Demigod: Review

Demigod

Robin (Rachel Nichols) has suffered a loss after her grandfather has died. So, along with her husband, Leo (Yohance Myles), they return to Germany where she was born and back to where here grandfather lived in the Black Forest. There they are greeted by Arthur (Miles Doleac), an eccentric woodsman who strikes up a conversation about the folklore in the area which is rich and plentiful telling tales of witches and demons.

Robin and her husband laugh about it at first, but little do they realise that they’re being hunted by the witches and demons which patrolled the Black Forest for centuries.

Demigod is a horror movie written, directed by and co-starring Miles Doleac. Set in the Black Forest, but clearly actually filmed in the US, Demigod is a microbudget horror movie which wants its audience to suspend their disbelief.



After all, a good imagination is no substitute for a high action, high octane CGI blockbuster, but the results of the movie are hard to ignore. Although having a good set up, there’s a certain amount of unintentional comedy that comes from watching Demigod.

Firstly, there’s Doleac’s performance, which the audience is supposed to believe is of a man who has spent far too much time in the wilderness and has become rather affected by it. In most films, this may be the highlight of the film because actors in those roles tend to play them in such a heightened way that they’re memorable whether they’re good or not.

Whereas Doleac certainly does give an exaggerated performance, it doesn’t seem to suit him and the dialogue makes his serious performance come across as more comical than intended.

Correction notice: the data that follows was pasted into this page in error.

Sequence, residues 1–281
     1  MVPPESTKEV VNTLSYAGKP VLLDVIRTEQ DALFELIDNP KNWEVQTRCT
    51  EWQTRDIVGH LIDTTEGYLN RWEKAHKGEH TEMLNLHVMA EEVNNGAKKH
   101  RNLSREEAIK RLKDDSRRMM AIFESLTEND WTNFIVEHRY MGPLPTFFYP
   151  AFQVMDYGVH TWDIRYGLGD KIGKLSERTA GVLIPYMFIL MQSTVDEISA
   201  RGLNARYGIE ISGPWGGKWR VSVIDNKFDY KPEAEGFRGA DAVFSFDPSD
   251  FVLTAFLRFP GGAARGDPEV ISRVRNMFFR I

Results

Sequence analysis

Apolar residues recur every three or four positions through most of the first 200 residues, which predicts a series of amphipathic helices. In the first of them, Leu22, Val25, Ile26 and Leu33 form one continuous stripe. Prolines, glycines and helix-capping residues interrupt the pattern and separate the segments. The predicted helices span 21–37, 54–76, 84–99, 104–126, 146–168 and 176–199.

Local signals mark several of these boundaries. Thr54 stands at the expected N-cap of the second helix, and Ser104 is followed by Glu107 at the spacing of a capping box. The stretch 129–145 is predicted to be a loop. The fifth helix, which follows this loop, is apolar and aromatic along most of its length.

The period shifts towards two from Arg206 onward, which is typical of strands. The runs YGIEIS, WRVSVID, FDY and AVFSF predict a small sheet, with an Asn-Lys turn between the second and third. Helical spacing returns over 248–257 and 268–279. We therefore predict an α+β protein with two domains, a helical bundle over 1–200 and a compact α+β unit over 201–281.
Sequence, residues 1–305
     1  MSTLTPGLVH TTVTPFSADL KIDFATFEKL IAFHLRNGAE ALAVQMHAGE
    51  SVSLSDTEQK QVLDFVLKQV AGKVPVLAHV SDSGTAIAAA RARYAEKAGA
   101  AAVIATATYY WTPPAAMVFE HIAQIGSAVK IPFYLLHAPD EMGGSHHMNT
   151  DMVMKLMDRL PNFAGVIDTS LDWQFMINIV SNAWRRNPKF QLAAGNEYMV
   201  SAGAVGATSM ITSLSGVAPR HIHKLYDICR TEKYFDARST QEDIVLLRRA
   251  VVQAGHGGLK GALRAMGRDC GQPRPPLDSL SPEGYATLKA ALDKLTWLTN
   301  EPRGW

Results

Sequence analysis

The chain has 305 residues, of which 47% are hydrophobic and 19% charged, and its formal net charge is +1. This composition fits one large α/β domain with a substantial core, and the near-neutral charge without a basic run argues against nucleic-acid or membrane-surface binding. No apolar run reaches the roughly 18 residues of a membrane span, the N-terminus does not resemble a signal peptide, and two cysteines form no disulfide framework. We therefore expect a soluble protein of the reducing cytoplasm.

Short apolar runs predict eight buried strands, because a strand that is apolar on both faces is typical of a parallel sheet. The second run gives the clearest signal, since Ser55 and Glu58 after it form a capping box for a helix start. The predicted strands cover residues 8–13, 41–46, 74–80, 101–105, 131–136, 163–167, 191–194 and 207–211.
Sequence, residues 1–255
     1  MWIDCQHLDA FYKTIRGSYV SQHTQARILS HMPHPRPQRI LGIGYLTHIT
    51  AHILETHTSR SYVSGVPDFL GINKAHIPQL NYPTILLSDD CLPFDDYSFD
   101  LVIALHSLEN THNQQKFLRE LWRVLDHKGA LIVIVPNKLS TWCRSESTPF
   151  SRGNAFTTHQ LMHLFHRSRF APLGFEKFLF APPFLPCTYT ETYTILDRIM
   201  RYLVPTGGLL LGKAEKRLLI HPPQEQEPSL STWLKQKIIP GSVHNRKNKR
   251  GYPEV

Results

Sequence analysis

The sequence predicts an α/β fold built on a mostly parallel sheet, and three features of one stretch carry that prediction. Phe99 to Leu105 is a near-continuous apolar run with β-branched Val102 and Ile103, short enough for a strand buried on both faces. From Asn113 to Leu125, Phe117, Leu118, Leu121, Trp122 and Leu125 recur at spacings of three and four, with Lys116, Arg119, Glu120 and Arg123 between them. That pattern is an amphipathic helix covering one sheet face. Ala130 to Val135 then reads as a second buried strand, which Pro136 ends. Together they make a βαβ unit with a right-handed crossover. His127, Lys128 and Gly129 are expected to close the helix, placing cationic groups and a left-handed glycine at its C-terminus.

In fact, there’s a lot about Demigod that’s unintentionally funny and it may also be down to the budget. When writing a horror movie such as this about witches and demons then it may have been best to make sure that the characters look suitably menacing and somewhat believable.

Unfortunately, this is where Demigod fails because the villains’ costumes look like they’re LARPers rather than any real threat. This includes the rather laughable main villain who looks like an actor struggling to be heard through a plastic mask. One to skip unless you really must watch every horror ever made.


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Joel found out that he had a talent for absorbing film trivia at a young age. Ever since then he has probably watched more films than the average human being, not because he has no filter but because it’s one of the most enjoyable, fulfilling and enriching experiences that a person can have. He also has a weak spot for bad sci-fi/horror movies because he is a huge geek and doesn’t care who knows it.

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